In 2020, I published a book about the science of sourdough bread baking. I’ve blogged about it before on the technical side of the book making process, but this time, I’d like to take a closer look at what is arguably more important: sales.
I hate pretending to be a salesmen. Their stereotypical sleezy ways of turning prospects into customers—a stereotype that is confirmed again and again—is revolting to me and I’m also not very good at it. But selling something you’ve made yourself is perhaps a completely different story. Yet, I’m still not good at it. Or rather, I dislike investing the required time into it. Still, if nobody knows you made something, then nobody will have the intention to buy it. That sounds fair enough.
I’ve been attracting a small following of bread baking enthusiasts on Facebook since I started uploading pictures and stories onto it in 2012. Thus, it only seemed natural to announce the release of the book on Facebook. That’s exactly what I did in May 2020, with this sale graph as a consequence:
More than 100 people bought the book the first few months, and I’m very grateful for that. After the initial excitement of a newly released bread adventure book wore off, the monthly sales were still doing all right. Mind you, I wasn’t investing any time to promote it, besides putting it on my website redzuurdesem.be. The total amount of physical books sold since then is 494. That is still awfully low. There are a couple of reasons for that:
- I earn a comfortable income as a researcher at a university. I wrote this book in two years as a passion project.
- As I said before, I hate the sales part, thus I did almost nothing to promote the book. I just didn’t have the energy.
- It is written in Dutch. That was perhaps a stupid mistake, but for me the easiest way to express myself as it is my mother language. Just thinking about a possible translation to English makes me sweat: it took me long enough to properly finish the Dutch one!
- The subject of the book is a bit obscure. It’s about (1) science: microbiological properties of yeasts and bacteria, and (2) a personal tale on the discovery of sourdough bread. This is not a typical “recipe” or “baking” book: it’s a culinary tale, inspired by Michael Booth and David Pollan.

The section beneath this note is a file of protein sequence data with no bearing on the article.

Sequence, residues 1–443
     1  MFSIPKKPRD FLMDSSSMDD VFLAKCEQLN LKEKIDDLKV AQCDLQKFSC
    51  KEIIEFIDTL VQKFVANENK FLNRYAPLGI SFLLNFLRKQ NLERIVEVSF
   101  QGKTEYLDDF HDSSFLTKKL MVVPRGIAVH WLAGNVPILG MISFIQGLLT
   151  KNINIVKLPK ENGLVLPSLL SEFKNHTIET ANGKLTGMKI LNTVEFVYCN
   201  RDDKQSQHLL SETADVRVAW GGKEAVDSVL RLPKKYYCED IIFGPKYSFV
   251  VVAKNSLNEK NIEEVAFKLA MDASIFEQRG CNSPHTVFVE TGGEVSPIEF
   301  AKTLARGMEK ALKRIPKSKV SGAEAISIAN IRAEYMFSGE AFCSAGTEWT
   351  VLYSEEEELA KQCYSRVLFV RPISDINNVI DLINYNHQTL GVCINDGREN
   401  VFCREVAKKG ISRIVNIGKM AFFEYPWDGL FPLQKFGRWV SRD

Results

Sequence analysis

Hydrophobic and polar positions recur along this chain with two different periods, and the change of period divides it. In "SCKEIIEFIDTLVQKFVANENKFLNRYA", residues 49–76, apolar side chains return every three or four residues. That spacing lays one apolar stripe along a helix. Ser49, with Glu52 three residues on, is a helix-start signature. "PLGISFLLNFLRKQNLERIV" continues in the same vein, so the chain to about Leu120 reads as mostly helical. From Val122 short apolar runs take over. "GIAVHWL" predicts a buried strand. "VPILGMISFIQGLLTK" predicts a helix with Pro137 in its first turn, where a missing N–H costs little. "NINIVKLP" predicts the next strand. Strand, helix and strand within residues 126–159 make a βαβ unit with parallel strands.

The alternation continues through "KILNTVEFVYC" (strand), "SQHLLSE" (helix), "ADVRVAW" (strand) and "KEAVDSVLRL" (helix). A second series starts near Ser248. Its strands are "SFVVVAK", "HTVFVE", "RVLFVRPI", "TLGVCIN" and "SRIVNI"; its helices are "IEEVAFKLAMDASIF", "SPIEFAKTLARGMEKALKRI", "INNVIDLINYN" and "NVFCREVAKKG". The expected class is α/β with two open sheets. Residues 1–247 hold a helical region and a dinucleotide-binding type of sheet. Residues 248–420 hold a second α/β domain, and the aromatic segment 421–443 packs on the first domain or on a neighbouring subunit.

Self-publishing is hard. I did initially submit the manuscript to six different Belgian and Dutch publishing companies, and only one of them was kind enough to let me know that they might be interested—after four months of radio silence. After a few more “perhaps” and “we’ll have another look” messages, it also stranded as a dead end. Without a publisher, a physical copy of the book won’t be easily available in various bookshops, and you’ll encounter much more difficulties trying to get a press release published in local newspapers. I contacted six different newspapers and heard from no-one.
I can live with the fact that someone isn’t professionally interested in publishing my work or writing a review about it. What I can’t live with, however, is not having the decency to get back to me. It was a frustrating time, and let to me giving up on sales all-together. I was very grateful when local bookshop Grim in Hasselt was willing to buy a few copies—which eventually got sold, so they even restocked. When I spoke to the book owner, he said that 80% of his sales were form 5% of his collection. Everything else, he said, was just here to “collect dust”. Ouch. He was initially very reluctant to sell my books because of the Brave New Books self-publishing platform I use to print the books. It’s basically a cesspool: due to the total absence of a review system, anyone can upload two pages of garbled nonsense and call it a “book”.
Now, when you take another look at the sales graph, you’ll see a sudden decline after April 2021. That’s because I ditched Facebook. I’ve always detested the platform—and social networks in general—but up to recent times considered them to be a necessary evil to put my work “out there”. I noticed lately that it costs me large amounts of energy to keep up with the sometimes repetitive and shallow questions asked there and to frequently post something new, just to keep the damn page alive, next to my main bread baking website. So I pulled the plug.
I feel much better now, but the decision was quite damaging to my already puny sales. I couldn’t care less (cough). I am very happy that I finally managed to write a 370-page book about something I’m very passionate about: I’ve been wanting to do that for more than six years. My adventure and findings are available for anyone who’s interested, and my main sales now are driven by my own website and the five lovely souls who highly rate the book on bol.com. I have thought about creating a mailing list instead, but I am not planning on writing another baking book and I disapprove of collecting e-mails just to spam them to get a sale or two.
€3 for every book sold, which costs
€28.50. You do the math. Feel free to laugh out loud.
It’s still depressing to see how much time you “have to” invest in visibility on social networks: it still pays off big time, and I hate that. My wife started creating and selling her own silver jewelry, and she feels the same way. She feels obligated to post something on Instagram every few days, otherwise she’s afraid of not becoming relevant anymore. And then, of course, there’s the devastating competition: those pictures are more inviting than mine, that post has more likes than mine, see, my stuff isn’t worth anything, I told you so, I better quit and get “a regular job”…
Please reach out if you’ve had a similar experience, or if you managed to carve out a more successful writing career than I have. I’d love to hear your opinion on how to handle things.
If you’re interested in all things bread and would like to support my work, please consider buying the book. A lot of blood, sweat, yeast, and bacteria went into it, and it would mean a lot to me.